Most people have heard of the Chinese New Year celebration, but have you heard about the Vietnamese Tet holiday? Tet is the Vietnamese Lunar New Year and the most important of all Vietnamese celebrations. You can get an idea of what this means if you imagine a celebration that rolls both the western Christmas and New Year celebrations in to one. Every family comes together to share large meals, decorate Tet trees and eat Tet food – all to welcome in the Lunar New Year.

Tet is very special celebration and taking the opportunity to participate in this large festival, offers visitors to Hoi An a truly unique and unforgettable experience. Tet is colourful and fun, but is best enjoyed when you plan well ahead and stay in one area. Bear in mind that the whole of Vietnam is on the move, as everyone travels back to their hometown to be with their family, making travelling around Vietnam a lot more challenging compared to during the rest of the year.

Hoi An is a tourist town though, so it is less affected than other remote areas. You’ll still need to be prepared for some disruption (and partying) if you do choose to travel here during this time. Fortunately the Hidden team have a few Tet celebrations under our belts and have collated all the information you’ll need to understand the history and traditions behind the Tet celebration.  Our insights provide you with all guidance and tips you’ll need to fully enjoy this very special time of the year.

Banners for Tet
Chuc Mung Nam Moi – Happy Vietnamese New Year.

Understanding the History and Traditions of Tet

What is celebrated during Tet?

As you travel through Vietnam you may have noticed the multitude of very special calendars displayed everywhere – the lunisolar calendar. These calendars are a combination of the international solar and the lunar  calendars. While the solar calendar is used in Vietnam within a work context, as well as for birthdays and anniversaries, it is the lunar calendar that determines the important events, religious based activities and festivals. Tet is the most important of all: the New Year celebration. While Tet is the extended celebration of the New Year and the arrival of spring, it is also a very welcome break within the agricultural year, between harvesting the crops and sowing the new ones.

Tet is short for “Tet Nguyen Dan”, which literally means: “The first morning of the first day of the New Year”.

The western celebration of Easter is also based on the lunar calendar, hence the date changes every year, as it does with Tet (in contrast to Christmas which follows the solar calendar falling on the same date every year).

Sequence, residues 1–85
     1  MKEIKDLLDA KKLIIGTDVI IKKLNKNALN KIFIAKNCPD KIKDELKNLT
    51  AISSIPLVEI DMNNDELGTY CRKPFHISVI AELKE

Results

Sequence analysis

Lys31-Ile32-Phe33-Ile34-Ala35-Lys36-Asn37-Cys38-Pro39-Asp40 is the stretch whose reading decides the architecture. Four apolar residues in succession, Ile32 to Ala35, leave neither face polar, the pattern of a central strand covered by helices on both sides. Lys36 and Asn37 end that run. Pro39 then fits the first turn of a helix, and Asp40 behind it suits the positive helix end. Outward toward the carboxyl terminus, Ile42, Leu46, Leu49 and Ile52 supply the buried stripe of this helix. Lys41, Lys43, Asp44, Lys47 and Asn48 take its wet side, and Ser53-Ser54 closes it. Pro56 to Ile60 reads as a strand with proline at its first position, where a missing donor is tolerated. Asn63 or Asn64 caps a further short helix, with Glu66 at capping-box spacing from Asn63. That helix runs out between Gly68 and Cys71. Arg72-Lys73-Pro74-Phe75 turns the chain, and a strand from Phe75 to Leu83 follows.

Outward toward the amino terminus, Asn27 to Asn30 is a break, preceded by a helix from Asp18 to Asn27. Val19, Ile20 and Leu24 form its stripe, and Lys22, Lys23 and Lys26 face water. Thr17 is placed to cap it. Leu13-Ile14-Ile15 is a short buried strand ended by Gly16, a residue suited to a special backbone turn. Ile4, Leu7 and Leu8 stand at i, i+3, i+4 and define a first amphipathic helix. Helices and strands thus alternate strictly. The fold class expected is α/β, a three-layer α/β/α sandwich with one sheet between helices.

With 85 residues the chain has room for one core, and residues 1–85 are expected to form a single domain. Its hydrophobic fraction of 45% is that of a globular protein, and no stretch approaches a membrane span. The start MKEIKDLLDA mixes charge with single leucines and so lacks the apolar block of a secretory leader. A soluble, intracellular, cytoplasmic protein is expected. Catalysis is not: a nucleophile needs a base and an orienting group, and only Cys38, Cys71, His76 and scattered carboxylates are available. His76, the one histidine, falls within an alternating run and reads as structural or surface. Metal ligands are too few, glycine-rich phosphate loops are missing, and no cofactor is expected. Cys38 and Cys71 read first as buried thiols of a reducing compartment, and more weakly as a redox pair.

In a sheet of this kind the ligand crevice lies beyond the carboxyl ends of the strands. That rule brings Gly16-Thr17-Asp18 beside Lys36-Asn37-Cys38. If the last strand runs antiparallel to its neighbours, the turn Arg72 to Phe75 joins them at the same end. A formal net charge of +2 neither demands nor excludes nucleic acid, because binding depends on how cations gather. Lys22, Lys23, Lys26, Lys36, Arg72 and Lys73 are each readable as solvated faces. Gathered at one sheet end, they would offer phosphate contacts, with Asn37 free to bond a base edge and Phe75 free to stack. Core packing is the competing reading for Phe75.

Year of the pig decoration
Pig themed decorations in Hoi An. 2019 is the year of the pig.

When and For How Long is Tet Celebrated?

Tet is celebrated after twelve lunar months, and a lunar month is only 29 days long, so the date for the Tet New Year celebration changes annually (according to the solar calendar), but it  usually falls in late January/early February.

Hidden Hint: Here are the dates for the next few years: 5th of February 2019, 25th of January 2020, 12th of February 2021.

Tet comprises of five official public holidays in Vietnam.  But in true Vietnamese style, this can easily extend up to nine or even fourteen days as the timing is very fluid and flexible. There is just no way a business owner can ask their staff to be back on a certain day, let alone to work during Tet, people would rather quit their jobs than miss out on the highlight of the year!

Votive money being burnt
Paper money and other items are burnt as offerings to your ancestors. Dont be alarmed, this is fake money!

What Does Tet Mean for Vietnamese People?

Tet is the time for a new start. Unlike in the western world, where we often don’t act on our New Year’s resolutions, Vietnamese people do clean up their life for Tet—in a literal as well as a figurative sense. Houses and temples are cleaned, debts are paid, grievances are forgiven and squabbles are settled.

Superstition plays a large part – it is believed that whatever happens on the first day of the New Year sets the tone for the coming year. To ensure that the first visitor brings good luck, the first visit of the day is carefully planned and orchestrated to ensure it is a lucky person who enters the house first on Tet morning.